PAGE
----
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6 Feb 18 - AFR--Deloitte CEO Cindy Hook looks way beyond audit

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JWheldon
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Joined: Wed May 24, 2017 6:43 pm

6 Feb 18 - AFR--Deloitte CEO Cindy Hook looks way beyond audit

Post by JWheldon » Wed Feb 07, 2018 12:09 am

Isn't now time for the audit industry to move with the times and change the nature of the audit, before all the confidence in their services are lost or have the members in the not for profit sector already lost confidence in their services?

The not for profit sector has so many problems, yet the traditional audits undertaken by the Big Four has become so out dated. At this rate the future audits will be done by computer programs, like the ATO use for audit reviews.



by Edmund Tadros - AFR 6 February 2018

Deloitte CEO Cindy Hook looks way beyond audit

The shift of Deloitte Australia away from its accounting roots has reached the point where only 15 per cent of its income now comes from the statutory audits of companies.

That is the lowest percentage of any of the big four accounting and consulting firms. Only $261 million of Deloitte's $1.78 billion revenue last financial year came from statutory company audits. The proportion of financial audit work has be dropping by about 1.5 percentage points a year.

It follows a similar shrinking pattern by the other big four firms where the proportion of revenue from statutory audits is now 19 per cent at PwC, 21 per cent at KPMG and 22 per cent at EY.

CEO Cindy Hook, the former head of the firm's audit and assurance practice, is unapologetic about the firm's strategy of moving into a broader range of offerings by developing new services and through small-scale acquisitions.

"I think the strategy is to put together a broad array of capabilities that create solutions. And accounting and assurance skills are still a big part of that but as the world becomes more digitalised, digital technology has to be part of it, and human capital has to be part of it and strategy has to be part of it," she said.

Ms Hook is keen to see Deloitte grow rapidly – revenue growth reached 15 per cent last year, the fastest rate of any of the big four.

"The only reason we're growing at 15 per cent is we are investing. And you have to think about a partnership; we don't have a balance sheet like a corporate [firm] does. We have to invest partner equity in this. And that's a choice that the partners have to make between paying themselves today or investing for the future. And if you're not growing and you're not performing well, you don't have the wherewithal to continue to invest and get better and build the capability first," she said.

She added that growing organisations are vibrant and attract talent.

Ms Hook noted that the data within the firms' transparency reports only covers audits of financial statements and doesn't cover auditors using their skills and assurance to do other things.
The percentage of statutory audit work by the big four has been steadily falling.
The percentage of statutory audit work by the big four has been steadily falling.

The market for large-scale statutory audit, which Deloitte and the other big four firms dominate, is growing more slowly than the market for consulting and advisory work the firms all now do.

The outgoing head of corporate regulator, Greg Medcraft, said last year that the auditing business model was broken. His view was that audit quality was declining because, in part, firms were not getting paid enough to carry out audits properly and were cross-subsidising their audit operations with more lucrative consulting work.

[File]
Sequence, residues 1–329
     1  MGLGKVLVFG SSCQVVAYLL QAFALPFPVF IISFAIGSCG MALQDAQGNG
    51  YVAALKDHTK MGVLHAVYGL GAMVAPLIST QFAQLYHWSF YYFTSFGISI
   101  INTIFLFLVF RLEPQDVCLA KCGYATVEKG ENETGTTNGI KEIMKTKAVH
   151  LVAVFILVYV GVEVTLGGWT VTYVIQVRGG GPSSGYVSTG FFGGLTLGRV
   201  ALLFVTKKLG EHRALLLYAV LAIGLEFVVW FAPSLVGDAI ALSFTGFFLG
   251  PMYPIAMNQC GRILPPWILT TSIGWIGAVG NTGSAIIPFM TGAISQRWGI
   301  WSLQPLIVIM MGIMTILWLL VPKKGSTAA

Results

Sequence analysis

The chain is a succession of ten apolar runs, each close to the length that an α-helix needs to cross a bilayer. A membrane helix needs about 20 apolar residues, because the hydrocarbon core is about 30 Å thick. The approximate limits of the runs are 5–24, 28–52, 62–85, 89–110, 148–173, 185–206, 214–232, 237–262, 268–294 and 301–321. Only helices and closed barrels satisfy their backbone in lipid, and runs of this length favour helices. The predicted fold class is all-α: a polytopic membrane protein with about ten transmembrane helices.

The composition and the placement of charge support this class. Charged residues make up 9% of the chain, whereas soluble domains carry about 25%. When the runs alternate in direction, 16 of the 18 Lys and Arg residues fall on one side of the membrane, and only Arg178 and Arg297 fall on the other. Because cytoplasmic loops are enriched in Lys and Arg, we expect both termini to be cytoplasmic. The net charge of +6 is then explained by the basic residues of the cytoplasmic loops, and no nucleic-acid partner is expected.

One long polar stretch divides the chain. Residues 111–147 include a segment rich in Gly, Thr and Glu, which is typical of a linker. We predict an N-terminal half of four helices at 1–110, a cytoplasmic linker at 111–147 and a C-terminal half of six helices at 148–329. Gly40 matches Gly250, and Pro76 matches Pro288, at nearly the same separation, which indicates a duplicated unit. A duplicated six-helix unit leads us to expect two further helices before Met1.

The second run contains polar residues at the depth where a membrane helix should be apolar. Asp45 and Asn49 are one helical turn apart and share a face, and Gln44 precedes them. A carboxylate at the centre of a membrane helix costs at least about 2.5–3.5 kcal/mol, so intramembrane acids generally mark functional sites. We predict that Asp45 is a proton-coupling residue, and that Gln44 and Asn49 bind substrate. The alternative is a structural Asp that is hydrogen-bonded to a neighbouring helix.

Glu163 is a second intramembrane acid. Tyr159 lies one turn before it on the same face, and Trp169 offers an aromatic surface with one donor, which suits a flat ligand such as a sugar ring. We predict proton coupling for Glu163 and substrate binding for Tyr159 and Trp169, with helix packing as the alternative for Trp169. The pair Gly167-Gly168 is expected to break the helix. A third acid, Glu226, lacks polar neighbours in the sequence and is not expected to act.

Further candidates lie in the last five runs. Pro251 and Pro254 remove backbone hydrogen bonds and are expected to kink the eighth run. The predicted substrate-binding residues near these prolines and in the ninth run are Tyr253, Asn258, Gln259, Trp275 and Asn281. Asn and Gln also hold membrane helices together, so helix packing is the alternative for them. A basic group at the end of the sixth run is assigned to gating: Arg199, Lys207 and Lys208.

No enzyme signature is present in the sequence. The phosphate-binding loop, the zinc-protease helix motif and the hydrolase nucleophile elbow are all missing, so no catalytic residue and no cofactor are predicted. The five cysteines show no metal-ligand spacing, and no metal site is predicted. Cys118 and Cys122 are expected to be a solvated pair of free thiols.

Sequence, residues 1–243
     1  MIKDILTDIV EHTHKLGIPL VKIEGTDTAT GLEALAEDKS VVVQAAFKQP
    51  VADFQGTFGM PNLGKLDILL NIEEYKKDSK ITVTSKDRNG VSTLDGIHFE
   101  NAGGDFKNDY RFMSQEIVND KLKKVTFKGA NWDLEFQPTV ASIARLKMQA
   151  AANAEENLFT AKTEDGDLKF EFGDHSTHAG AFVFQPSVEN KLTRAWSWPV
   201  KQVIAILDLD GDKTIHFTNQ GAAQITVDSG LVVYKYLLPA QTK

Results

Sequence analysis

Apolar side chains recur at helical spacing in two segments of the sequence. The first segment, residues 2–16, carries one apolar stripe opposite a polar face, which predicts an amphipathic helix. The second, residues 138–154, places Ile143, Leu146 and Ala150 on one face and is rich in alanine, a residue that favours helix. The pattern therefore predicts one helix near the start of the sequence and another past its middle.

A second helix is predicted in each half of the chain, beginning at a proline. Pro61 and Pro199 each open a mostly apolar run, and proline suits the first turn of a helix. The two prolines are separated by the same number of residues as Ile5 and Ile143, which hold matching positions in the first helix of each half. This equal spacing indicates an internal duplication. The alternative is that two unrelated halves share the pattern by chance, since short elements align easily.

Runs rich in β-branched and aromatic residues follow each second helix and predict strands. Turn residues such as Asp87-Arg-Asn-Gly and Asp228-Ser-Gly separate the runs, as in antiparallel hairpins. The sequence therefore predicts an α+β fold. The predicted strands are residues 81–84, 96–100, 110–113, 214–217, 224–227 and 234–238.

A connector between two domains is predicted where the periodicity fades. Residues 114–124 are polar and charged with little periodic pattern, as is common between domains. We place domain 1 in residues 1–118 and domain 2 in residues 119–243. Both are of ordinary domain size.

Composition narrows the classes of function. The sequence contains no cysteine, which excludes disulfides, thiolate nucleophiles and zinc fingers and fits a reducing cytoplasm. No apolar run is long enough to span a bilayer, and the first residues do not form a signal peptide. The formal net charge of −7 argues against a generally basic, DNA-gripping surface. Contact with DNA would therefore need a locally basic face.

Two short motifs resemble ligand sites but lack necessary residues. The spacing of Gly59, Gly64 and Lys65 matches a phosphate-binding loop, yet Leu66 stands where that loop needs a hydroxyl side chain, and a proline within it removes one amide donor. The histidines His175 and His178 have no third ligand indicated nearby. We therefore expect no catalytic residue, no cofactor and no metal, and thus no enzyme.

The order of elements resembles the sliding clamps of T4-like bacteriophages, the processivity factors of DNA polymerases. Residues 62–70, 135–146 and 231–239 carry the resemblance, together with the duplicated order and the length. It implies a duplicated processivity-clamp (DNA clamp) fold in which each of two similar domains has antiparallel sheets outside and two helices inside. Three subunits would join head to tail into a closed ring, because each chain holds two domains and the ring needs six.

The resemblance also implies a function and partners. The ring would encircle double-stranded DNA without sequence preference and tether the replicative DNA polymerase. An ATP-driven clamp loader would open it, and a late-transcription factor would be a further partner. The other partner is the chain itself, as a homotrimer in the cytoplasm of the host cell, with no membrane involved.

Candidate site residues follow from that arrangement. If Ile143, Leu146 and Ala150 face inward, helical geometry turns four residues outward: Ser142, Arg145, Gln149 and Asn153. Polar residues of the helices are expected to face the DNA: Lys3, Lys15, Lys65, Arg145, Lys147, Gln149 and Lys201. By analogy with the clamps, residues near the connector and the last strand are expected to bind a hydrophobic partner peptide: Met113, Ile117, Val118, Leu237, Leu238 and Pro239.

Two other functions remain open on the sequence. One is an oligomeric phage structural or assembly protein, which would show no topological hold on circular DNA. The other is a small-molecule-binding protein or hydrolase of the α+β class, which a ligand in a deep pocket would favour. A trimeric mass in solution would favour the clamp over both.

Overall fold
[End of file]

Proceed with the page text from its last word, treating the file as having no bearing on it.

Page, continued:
Ms Hook disputes Mr Medcraft's conclusion that audit standards are dropping.

"[We're] absolutely committed to audit quality and continuous improvement," she said.

"Less than 2 per cent of the companies in Australia even went to tender to change their auditors. So it's not growing. That doesn't mean it's not valuable and you know this myth that audit is unprofitable is not true. It's still a profitable part of the firm but revenue and profits aren't growing at the pace of other parts of the firm," she said.

The biggest local audit move last year was when EY beat Deloitte and PwC to become BHP's new global auditor from July, 2019. The audit role came up for tender because BHP's existing auditor, KPMG, was unable to bid for the work due to European Union and UK rules around auditor rotation which mandated a new firm had to be in place by 2023. The role was worth a combined $US16.9 million ($21.3 million) last year.

Rio Tinto, which is audited by PwC, is looking to have new auditors in place by 2020 for the same reason as BHP. The Rio Tinto audit and assurance work alone was worth $US15 million in 2016.

Ms Hook expressed confusion is the strategies of the mid-tier firms. These firms had mixed results, ranging from Findex, where revenue shrank slightly to $371.5 million last year, to Pitcher Partners, where revenue was up 13.8 per cent to $235.1 million.

She said: "So I can tell you a very clear strategy for the big four. I'm confused by the mid-tier. We are infringing on their space. We audit the mid-sized companies. And what is their strategy? How are they going to differentiate?"

edmundtadros@afr.com.au

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Brett Stevenson
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Re: 6 Feb 18 - AFR--Deloitte CEO Cindy Hook looks way beyond audit

Post by Brett Stevenson » Wed Feb 07, 2018 9:38 pm

It's a big issue JWheldon.
Thanks for posting it here.
I made some comments on LinkedIn in relation to it when Edmund posted it.
This is the sort of issue CPA should be involved in but unfortunately it has lost its credibility to be a voice.

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